Low interest rates widen the gap between Main Street and Wall Street
By Sheila Bair (original source Yahoo Finance)
“Is there no end to the absurdity of our debt culture? For most of the past 12 years, we have lived in an era of zero interest rate policy, or “ZIRP.” Designed to stimulate more economic activity by making it cheap to borrow, ZIRP has instead inflated the value of financial assets, encouraged unprecedented levels of public and private sector borrowing, and made the rich even richer – all while delivering tepid growth and stagnant wages in the “real economy.”
Now President Trump and others are escalating calls for the Fed to utilize negative rates, or “NIRP,” as a way to double down on this spent policy and actually pay borrowers to borrow and penalize savers when they save. But NIRP has been tried in Japan and Europe, and it has been unsuccessful in stimulating their economies, as growth in both regions has lagged even our modest economic gains. Thankfully, the Fed so far has resisted going this route.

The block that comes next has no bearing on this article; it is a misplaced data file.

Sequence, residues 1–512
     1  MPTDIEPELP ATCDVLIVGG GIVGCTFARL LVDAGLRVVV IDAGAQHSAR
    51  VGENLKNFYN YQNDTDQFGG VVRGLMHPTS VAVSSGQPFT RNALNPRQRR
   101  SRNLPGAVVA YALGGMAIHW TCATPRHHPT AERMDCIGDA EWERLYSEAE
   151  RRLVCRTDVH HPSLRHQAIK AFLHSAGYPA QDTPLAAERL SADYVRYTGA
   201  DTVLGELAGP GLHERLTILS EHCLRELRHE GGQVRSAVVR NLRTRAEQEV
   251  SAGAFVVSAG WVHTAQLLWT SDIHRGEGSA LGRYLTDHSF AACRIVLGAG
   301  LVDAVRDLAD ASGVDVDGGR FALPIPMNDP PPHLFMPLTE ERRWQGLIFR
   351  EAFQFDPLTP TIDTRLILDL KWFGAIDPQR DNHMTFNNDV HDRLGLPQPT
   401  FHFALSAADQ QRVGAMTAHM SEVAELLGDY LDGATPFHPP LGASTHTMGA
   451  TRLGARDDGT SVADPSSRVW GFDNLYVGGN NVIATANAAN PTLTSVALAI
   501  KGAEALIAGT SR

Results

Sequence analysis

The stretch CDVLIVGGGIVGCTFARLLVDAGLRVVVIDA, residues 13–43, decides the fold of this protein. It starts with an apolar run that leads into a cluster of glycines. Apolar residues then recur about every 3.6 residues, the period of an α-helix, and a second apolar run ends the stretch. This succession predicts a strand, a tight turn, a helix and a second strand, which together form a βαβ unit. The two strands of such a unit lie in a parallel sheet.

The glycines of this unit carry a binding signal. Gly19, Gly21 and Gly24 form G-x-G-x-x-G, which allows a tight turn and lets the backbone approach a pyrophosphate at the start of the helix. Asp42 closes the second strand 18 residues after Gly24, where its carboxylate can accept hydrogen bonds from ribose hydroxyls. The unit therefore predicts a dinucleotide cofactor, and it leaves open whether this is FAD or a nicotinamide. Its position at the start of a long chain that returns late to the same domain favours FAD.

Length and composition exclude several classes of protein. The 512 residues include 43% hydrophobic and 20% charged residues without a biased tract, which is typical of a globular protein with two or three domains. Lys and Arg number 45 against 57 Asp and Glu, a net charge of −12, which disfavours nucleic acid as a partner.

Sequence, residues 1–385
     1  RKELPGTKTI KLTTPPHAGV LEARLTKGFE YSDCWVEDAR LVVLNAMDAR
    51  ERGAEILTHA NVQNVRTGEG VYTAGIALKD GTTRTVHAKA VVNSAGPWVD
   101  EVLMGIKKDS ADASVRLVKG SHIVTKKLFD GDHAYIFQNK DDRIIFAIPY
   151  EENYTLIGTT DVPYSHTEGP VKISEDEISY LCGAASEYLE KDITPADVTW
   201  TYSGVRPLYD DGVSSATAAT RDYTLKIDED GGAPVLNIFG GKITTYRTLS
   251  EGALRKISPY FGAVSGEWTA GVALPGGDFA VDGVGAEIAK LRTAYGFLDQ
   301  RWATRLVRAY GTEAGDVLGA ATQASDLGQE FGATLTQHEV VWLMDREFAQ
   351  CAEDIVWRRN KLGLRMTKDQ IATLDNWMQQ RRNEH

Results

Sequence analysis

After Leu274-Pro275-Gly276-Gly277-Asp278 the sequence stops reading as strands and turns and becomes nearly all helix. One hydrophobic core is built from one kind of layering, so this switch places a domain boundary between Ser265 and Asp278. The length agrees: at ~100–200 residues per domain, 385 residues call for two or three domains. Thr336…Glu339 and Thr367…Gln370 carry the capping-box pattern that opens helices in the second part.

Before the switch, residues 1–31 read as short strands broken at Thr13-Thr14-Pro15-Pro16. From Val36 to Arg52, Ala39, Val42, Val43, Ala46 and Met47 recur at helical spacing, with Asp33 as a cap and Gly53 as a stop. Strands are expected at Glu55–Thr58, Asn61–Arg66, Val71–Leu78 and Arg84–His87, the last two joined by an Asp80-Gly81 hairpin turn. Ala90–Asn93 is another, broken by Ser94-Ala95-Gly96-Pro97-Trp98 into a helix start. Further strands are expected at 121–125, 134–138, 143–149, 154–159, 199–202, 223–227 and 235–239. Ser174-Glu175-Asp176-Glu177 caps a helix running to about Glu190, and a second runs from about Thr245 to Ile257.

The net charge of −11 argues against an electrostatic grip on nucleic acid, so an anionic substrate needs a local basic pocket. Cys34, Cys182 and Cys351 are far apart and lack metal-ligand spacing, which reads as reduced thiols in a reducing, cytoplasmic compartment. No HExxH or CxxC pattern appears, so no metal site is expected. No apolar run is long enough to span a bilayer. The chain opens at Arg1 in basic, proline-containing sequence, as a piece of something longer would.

When central banks lower rates on safe assets like government securities, they make riskier assets like stocks more attractive in comparison. Stocks are generally valued based on their expected future returns relevant to risk-free assets. So when rates on Treasuries go down, stock values go up.”
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